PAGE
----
Punto Blu, Highway A12 Roma - Civitavecchia - Enza Evangelista
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Punto Blu, Highway A12 Roma - Civitavecchia

Enza Evangelista

Edited By Francesco Pagliari - 27 May 2014
The Punto Blu are centres were the Italian motorway company sells its products (e.g. automatic toll collection devices) and provides customer support services. Such places can easily become generic, featureless buildings, but Enza Evangelista was determined to make her design a far more welcoming, recognisable complex that people would easily remember. The revamp was complicated by the building being relatively small (60 m2 internal floor area) and in a visually cluttered area near the motorway exit (and all the structures linked to collecting tolls). As such, the architect employed a range of tools - visual identification, composition, environmental awareness - to strive for elegance. In practical terms, this equated to a rational approach deliberately infused with what is best described as elegant simplicity.
The parallelepiped volume houses both an open-plan sales and business area and a utilities section, where plastered walls divide the space into changing rooms and toilets. The defining aspect here is the double envelope, an inner layer of glazing and the outer one of micro perforated metal panels. Transparency and light top the bill, with large glazed areas that lend the interior a pleasing contemporary feel. The micro perforated panels, attached to uprights using exposed nuts and bolts, provide sun protection. The structure as a whole recalls a pavilion and, as such, makes it far more than a mere functional sales and customer service centre. It is a clearly recognisable complex and one that might well provide a model to be repeated in other Punto Blu.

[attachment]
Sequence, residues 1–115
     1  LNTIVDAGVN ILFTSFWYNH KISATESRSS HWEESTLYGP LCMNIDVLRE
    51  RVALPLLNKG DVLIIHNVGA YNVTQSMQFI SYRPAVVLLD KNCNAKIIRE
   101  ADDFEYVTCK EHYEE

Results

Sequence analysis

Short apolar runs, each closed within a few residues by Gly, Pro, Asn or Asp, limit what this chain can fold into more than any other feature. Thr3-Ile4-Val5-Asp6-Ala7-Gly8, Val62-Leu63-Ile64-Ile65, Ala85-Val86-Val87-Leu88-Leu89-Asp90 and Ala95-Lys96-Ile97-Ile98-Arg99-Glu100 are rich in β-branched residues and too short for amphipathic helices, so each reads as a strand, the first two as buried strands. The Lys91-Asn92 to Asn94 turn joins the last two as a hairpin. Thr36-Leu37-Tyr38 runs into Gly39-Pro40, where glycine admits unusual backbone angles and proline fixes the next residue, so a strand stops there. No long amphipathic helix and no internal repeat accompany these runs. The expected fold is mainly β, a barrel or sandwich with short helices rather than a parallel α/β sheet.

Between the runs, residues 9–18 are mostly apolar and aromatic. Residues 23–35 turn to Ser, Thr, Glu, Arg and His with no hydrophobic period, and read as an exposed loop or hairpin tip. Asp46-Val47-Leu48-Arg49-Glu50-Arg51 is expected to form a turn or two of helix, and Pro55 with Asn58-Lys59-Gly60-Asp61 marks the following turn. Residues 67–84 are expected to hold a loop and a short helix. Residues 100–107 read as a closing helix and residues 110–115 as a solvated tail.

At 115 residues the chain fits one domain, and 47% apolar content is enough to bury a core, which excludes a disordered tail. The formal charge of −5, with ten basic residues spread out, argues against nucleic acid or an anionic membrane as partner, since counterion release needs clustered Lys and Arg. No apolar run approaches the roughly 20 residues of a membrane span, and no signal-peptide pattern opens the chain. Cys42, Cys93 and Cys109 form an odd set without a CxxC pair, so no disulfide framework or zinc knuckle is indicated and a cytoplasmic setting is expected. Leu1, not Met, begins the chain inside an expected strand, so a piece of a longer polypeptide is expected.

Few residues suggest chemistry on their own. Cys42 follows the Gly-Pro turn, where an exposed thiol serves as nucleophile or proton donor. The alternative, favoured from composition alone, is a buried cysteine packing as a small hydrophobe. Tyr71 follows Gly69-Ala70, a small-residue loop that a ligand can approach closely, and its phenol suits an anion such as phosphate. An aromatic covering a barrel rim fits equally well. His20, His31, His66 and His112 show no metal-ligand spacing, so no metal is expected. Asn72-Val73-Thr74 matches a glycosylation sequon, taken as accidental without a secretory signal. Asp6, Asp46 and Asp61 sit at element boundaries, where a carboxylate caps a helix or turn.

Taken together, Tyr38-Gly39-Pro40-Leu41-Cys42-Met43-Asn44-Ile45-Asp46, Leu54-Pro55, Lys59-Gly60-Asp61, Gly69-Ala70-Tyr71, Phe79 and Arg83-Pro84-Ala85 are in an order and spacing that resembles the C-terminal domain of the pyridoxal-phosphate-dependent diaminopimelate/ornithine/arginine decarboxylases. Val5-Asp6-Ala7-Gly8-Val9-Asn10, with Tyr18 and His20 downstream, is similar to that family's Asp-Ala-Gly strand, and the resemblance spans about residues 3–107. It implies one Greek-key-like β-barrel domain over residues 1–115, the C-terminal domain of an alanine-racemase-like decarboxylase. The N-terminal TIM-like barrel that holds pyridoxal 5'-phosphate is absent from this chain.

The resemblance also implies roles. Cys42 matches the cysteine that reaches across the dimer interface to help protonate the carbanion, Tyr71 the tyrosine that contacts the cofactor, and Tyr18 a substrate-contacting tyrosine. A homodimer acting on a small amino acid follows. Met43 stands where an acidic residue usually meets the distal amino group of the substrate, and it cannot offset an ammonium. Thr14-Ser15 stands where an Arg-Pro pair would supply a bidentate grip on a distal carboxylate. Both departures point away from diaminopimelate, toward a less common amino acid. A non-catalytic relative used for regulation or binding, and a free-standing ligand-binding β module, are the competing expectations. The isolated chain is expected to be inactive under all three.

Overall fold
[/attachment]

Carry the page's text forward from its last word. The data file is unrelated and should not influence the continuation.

The design foregrounds both details and the overall appearance. For example, it focuses on how the external envelope walks a line between functional and decorative, exploring the quality of the material, its use and potential transformation. This raises it above mere functionality, making it more than one of many components. It becomes the heart of the design as it exemplifies this decorative and functional plurality. It is also clearly not some sort of bland external sunscreen, but an architectural structure with different features. The use of blue recalls the brand (Punto Blu literally means Blue Point). The micro perforations form a pattern that adds a further aspect to the design. The use of different sized holes and differing intervals spaced in relation to the hole size creates a flowing vertical pattern that also alters the degree of transparency. The overall effect is that these panels resemble a light fabric almost wafting in the wind. Inside, the consequence is differing degrees of light and transparency, shaped by areas of light and shade visible on the floors and walls.
The panels are in two modules and are assembled vertically, forming an envelope with gaps that help to create a dynamic contrast between the right-angled frames and the flowing pattern of the micro perforations. This is, of course, at the very heart of the whole design.
The single-pitch roof based on a metallic structure supports the micro perforated panels. Photovoltaic panels help make the building increasingly energy self-sufficient.
Francesco Pagliari